The birds sing, outside in the sun. She cleans up the boxes from the shower. Just a little bit. She feels herself join the orphans. Her family is gone.
Chapter Seven: "The raft was not as seaworthy as I'd hoped. The waves repeatedly threatened to swamp it. I wasn't afraid to die, I was afraid of the emptiness that I felt inside. I couldn't feel anything. And that's what scared me."
Without shoes, without closing the door, in her pajamas she walks out into the city. On a mission, in her robe and pajamas. At the edge of the fountain in a busy center square, looking out past the spray and the water and the families and the children, going on about their days as though nothing's happened. As though the world hasn't ended. They stare at her, staring, and she looks down into the calmness of the water. They are too loud.
In the center of the fountain is a large rock, as large as a car. It could cradle you. With the spray of the fountains, like water on the hull of a small yacht crossing a vast lake, splashing up against your face. The sound of it, and the smell, and the rock cradling, and the water falling down, like a curtain around grief. It makes sense to her, she thinks, it makes sense. She walks across the water toward it, toward the anchor and the curtain, and slowly they begin to watch.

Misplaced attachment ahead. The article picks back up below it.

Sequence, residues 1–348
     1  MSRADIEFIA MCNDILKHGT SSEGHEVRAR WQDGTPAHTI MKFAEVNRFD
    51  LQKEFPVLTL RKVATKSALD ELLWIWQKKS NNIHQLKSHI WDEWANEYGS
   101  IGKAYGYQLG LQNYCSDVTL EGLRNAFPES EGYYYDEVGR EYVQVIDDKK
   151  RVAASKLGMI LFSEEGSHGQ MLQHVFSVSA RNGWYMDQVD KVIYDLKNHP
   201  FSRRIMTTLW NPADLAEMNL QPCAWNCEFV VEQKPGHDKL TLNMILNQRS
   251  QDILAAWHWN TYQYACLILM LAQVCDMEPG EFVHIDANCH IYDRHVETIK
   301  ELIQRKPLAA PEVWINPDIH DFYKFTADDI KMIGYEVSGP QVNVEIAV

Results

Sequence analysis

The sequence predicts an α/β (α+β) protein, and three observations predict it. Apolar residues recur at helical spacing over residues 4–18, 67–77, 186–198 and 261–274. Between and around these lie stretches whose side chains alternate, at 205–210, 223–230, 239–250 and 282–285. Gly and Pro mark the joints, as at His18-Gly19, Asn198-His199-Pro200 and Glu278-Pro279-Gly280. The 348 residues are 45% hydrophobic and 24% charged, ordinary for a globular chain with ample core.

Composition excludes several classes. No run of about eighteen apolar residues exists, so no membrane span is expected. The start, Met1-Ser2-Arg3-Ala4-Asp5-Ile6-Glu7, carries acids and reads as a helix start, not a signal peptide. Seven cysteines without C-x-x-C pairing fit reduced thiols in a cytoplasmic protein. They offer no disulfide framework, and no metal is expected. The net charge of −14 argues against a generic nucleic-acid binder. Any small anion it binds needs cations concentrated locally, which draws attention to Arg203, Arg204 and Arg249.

She leans back against the rock, hands up in supplication. The water pours down. She holds her head in the shower of the blast, holding her arms straight out, letting everything go. Steady as it goes. Only here. Not in the house, with the boxes and the bottles of champagne. Not where you can still smell them, where you're surrounded by pictures of them. Only here, between the rock and the water. Day breaking. The rush of rain, like tears. She can weep.
The showers become an IV drip; Laura's unconscious for now. Resting peacefully. Cottle and Ishay go on about their day, adjusting her while she sleeps. As though the world isn't ending.
Lee administrates the breakdown, the razing of Galactica, all the requests for her parts and for her heart. Bill Adama is retiring his Battlestar. They're taking her away from him. Steady as it comes. Dealino distracts him a moment: they want to strip the launch tubes of their magnetic accelerators. They have a civilian use, Lee explains to him, but that's not the point: "A Battlestar's whole purpose is to launch Vipers..." Lee nods, seeing him for the first time. "I kind of know how you feel. Part of my heart's here too. Tell you what, make the accelerators the last thing your men take out. Then turn out the lights and let the old girl die in peace." He looks Dealino in the eye, like a good president. Dealino thanks him and leaves; Lee nearly cries.